A federal judge in Arkansas blocked three new abortion restrictions from taking effect late Tuesday, just hours before they were scheduled to take effect.
U.S. District Judge Kristine Baker granted the temporary restraining order, blocking the state from enforcing the restrictions for 14 days.
One of the laws, passed by the GOP-controlled state legislature and signed by Republican Gov. Asa Hutchinson, would have banned abortions in most cases after 18 weeks of pregnancy.
Another law would have banned physicians from performing abortions if the mother asks for one solely because the fetus was diagnosed with Down syndrome.
The last law blocked by the judge requires that physicians providing abortions board certified in obstetrics and gynecology— a requirement that likely would have caused the state’s only surgical abortion clinic to shut its doors.
Little Rock Family Planning Services — the surgical abortion clinic — and Planned Parenthood raised a legal challenge against the restrictions, filing a lawsuit on behalf of the ACLU of Arkansas.
“We’re relieved that these bans and restrictions have been blocked from taking effect and we’re determined to see them struck down for good,” the ACLU of Arkansas tweeted early Wednesday. “Personal medical decisions are just that — personal — and politicians have no business barging into people’s private decisions, shutting down clinics and blocking people from care they need.”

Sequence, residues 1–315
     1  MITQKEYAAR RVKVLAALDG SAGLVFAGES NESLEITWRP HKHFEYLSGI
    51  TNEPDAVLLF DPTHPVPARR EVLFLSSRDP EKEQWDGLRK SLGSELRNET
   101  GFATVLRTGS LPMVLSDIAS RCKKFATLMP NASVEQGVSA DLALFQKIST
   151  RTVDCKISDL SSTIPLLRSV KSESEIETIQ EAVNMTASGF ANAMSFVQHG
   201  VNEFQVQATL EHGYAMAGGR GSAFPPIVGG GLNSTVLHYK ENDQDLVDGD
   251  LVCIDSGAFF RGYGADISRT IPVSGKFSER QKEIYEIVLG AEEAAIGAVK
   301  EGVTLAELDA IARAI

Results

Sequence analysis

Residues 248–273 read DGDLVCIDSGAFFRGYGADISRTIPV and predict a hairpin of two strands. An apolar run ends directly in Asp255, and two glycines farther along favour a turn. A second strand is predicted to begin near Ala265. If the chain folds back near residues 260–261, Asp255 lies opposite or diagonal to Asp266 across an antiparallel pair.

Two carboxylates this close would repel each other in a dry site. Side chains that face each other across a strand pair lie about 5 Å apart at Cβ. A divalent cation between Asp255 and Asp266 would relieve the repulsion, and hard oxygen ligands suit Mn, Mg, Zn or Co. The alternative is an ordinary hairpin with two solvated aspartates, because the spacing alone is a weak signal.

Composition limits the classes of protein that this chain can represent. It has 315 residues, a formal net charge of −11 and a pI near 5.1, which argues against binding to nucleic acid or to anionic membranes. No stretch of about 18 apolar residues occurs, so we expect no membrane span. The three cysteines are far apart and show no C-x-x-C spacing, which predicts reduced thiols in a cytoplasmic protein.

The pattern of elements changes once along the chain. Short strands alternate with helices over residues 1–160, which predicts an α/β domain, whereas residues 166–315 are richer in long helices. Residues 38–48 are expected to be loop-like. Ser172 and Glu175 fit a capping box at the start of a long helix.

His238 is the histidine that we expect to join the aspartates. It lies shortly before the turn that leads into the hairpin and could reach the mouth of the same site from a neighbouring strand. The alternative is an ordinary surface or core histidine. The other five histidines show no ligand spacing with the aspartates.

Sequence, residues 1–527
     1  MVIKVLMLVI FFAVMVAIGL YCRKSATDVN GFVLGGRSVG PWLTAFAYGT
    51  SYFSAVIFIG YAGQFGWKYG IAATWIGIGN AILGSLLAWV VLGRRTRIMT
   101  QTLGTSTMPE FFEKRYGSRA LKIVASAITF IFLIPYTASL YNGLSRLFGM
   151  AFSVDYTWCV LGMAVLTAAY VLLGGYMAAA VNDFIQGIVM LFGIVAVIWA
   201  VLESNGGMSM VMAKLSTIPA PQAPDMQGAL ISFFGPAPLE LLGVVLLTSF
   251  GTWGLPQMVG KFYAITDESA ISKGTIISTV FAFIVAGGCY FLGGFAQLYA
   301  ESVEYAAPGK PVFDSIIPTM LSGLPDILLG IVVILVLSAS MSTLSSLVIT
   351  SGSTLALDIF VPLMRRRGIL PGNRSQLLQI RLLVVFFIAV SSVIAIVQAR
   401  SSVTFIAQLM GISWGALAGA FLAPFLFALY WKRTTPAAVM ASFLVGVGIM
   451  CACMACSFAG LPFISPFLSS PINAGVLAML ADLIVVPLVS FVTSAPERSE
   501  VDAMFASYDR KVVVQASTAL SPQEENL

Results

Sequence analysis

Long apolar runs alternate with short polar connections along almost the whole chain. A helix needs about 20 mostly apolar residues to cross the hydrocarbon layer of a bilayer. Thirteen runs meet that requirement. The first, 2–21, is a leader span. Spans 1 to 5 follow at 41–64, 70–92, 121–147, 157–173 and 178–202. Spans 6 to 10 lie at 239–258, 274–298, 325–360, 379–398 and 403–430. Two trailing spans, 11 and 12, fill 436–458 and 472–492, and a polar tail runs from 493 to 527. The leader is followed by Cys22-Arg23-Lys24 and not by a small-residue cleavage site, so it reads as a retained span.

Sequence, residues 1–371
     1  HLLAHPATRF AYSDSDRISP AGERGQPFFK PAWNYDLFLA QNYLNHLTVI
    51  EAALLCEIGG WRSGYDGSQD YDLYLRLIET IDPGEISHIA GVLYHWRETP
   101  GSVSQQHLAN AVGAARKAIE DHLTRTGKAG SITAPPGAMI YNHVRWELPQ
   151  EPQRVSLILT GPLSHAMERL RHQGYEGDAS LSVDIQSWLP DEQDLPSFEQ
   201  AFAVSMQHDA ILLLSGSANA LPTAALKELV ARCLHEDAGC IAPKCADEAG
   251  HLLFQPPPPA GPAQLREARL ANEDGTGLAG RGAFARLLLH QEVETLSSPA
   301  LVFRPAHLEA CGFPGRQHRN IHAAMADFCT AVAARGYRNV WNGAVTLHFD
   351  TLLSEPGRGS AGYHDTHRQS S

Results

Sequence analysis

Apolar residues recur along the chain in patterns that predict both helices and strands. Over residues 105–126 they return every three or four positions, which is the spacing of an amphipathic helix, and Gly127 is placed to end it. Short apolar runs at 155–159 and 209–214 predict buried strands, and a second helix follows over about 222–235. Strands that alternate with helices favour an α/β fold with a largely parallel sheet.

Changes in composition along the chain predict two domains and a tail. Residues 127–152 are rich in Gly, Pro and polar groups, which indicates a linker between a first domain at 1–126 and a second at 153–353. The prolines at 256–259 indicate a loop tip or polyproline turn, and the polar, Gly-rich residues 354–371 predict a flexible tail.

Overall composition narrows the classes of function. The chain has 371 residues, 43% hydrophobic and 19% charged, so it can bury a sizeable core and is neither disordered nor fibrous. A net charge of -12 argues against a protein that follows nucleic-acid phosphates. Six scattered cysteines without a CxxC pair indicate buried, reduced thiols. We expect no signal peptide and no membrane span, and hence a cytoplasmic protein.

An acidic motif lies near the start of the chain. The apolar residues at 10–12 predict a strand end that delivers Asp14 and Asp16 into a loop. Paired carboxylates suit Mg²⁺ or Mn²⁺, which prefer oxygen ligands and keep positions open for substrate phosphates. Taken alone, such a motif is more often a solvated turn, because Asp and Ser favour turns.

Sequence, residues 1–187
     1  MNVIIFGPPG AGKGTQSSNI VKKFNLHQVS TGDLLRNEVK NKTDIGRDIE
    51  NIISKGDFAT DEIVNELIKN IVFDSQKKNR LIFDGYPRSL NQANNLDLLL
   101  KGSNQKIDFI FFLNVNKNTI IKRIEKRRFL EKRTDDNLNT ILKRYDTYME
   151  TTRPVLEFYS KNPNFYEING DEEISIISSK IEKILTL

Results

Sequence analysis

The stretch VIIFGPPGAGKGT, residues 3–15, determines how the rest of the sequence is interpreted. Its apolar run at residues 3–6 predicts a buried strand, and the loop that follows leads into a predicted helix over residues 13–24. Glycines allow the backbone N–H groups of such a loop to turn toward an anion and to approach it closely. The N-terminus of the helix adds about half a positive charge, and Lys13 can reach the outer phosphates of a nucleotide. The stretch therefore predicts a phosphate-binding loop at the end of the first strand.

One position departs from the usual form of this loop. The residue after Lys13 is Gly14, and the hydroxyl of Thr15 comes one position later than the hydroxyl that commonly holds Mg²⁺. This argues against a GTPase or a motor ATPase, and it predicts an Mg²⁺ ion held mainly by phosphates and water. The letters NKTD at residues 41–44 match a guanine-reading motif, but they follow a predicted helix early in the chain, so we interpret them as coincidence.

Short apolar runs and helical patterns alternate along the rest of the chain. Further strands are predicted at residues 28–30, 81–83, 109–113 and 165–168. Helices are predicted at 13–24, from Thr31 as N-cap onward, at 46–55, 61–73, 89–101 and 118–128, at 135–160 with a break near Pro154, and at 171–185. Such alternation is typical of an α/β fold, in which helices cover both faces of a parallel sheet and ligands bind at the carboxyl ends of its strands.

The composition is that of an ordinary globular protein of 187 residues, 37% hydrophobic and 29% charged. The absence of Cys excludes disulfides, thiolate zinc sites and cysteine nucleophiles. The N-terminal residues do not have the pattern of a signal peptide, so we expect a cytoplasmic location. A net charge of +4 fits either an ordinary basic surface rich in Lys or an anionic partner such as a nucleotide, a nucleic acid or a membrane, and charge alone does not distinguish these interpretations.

One abortion restriction that wasn’t challenged is taking effect Wednesday and ups the waiting period from 48 hours to 72 hours before a woman can get an abortion.
The judge wrote in her ruling that Arkansas women seeking abortions would face an “imminent threat to their constitutional rights” and “suffer irreparable harm” if the laws were allowed to take effect.
The decision marks the latest in a string of legal challenges in states such as Alabama, Georgia, and Missouri, which have passed restrictive abortion laws in recent months.
In Missouri, the state’s lone abortion clinic is fighting to stay open. If it closes, it will be the first state in nearly 50 years to not have an abortion clinic since the passage of the landmark Roe v. Wade Supreme Court decision in 1973.
*story by The Hill